Thesodium hydroxide, also known as caustic soda, is used in very small amounts in cosmetic formulas to adjust the pH.
What is "Sodium Hydroxide" and what is its purpose?
- Sodium Hydroxide: What is it?
- Sodium Hydroxide: What is its purpose?
- The current regulations regarding sodium hydroxide
Sodium Hydroxide: What is it?
With the chemical formula NaOH, sodium hydroxide is an inorganic compound. Na+ represents sodium and OH-, the hydroxide ions. Soda is alkaline by nature: its pH is basic, that is to say, greater than 7. It comes in the form of pellets or white crystalline powder that is soluble in water.
Sodium Hydroxide: What is its purpose?
It is crucial that a skincare product does not significantly disrupt the skin's pH, which is slightly acidic. Indeed, when the skin's acid mantle is damaged, it paves the way for irritations and unwanted bacteria. In skincare, sodium hydroxide is therefore used to adjust the pH of certain formulas and thus optimise their skin tolerance. When dissolved, caustic soda reacts with acids. The pH becomes basic as the acids are gradually eliminated.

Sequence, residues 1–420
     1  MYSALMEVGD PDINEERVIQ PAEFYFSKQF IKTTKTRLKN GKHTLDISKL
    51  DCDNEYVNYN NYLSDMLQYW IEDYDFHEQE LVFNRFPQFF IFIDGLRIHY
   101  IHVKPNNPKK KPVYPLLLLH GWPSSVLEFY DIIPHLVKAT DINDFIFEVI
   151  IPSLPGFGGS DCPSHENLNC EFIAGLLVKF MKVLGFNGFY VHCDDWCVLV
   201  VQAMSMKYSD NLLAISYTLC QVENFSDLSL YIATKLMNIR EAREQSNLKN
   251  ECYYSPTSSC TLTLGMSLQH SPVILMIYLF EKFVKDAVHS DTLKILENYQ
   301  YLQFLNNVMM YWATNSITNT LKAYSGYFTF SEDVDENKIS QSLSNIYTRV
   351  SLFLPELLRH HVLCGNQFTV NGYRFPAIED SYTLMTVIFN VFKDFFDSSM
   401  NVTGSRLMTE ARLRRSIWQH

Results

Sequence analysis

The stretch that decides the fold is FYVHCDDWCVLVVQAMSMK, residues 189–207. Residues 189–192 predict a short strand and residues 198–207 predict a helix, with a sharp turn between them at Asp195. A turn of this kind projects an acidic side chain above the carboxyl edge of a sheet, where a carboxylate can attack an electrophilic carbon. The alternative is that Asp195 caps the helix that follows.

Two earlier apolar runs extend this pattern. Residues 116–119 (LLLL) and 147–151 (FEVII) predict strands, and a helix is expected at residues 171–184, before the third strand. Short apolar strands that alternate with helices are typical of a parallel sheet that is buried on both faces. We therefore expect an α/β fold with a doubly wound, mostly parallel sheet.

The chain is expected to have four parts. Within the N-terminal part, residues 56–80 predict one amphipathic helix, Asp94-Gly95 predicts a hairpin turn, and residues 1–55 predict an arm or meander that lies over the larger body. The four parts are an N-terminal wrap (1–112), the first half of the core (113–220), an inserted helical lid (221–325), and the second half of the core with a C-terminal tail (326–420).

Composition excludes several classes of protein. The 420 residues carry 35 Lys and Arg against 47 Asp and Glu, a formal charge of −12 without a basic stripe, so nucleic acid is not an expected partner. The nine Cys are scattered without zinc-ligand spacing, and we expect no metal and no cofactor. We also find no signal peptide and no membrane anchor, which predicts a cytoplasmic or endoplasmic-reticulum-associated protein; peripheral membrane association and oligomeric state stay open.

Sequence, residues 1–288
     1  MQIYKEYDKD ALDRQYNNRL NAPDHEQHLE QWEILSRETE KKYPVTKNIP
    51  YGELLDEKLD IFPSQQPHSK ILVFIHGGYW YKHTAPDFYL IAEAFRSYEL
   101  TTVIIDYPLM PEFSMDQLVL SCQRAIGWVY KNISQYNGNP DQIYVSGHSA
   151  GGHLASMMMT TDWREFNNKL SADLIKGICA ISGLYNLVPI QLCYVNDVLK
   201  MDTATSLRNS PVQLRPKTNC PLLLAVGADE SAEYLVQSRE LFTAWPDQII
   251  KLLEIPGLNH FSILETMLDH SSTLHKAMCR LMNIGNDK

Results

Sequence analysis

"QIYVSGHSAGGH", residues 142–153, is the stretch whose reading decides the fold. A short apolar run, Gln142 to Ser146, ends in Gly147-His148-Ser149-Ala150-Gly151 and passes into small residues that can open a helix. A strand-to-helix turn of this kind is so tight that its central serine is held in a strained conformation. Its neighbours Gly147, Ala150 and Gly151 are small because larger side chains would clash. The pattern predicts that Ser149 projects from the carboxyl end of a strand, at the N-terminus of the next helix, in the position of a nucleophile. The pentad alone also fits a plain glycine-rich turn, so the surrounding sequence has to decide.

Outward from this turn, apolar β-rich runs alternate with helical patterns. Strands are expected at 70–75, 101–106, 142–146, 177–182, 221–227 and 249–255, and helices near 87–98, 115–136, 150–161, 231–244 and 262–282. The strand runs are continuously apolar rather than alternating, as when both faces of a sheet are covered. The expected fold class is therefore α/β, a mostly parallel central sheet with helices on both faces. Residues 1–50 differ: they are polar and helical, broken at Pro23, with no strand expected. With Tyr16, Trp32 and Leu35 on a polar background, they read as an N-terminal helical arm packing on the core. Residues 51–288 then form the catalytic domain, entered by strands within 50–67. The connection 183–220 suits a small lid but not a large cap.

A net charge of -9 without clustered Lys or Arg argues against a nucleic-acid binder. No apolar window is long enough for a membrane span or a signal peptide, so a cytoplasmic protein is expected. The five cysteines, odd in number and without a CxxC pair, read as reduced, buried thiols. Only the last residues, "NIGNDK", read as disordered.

A second application of sodium hydroxide pertains to the production of soaps. Indeed, lye is one of the reactants in the saponification process; it hydrolyses fats (triglycerides) to create a cleansing solution.
The current regulations regarding sodium hydroxide.
According to the European cosmetic regulations, the maximum amount of sodium hydroxide to be used in cosmetic products is limited as follows:
As a solvent in nail cuticle care products: a maximum of 5%.
In hair straightening products: 2% for general use and 4.5% for professional use.
In all instances, this alkaline agent must be used with caution: it is advisable to avoid any contact with the eyes and to keep any skincare product containing it out of the reach of children.
Note : In a cosmetic product, sodium hydroxide is typically used at around 0.10%. At this concentration, it has absolutely no irritating action. There is no risk if you find this name in your Typology products, it is only there to readjust the pH!
Safety Assessment of Inorganic Hydroxides as Used in Cosmetics. Draft Report for Panel Review (2015).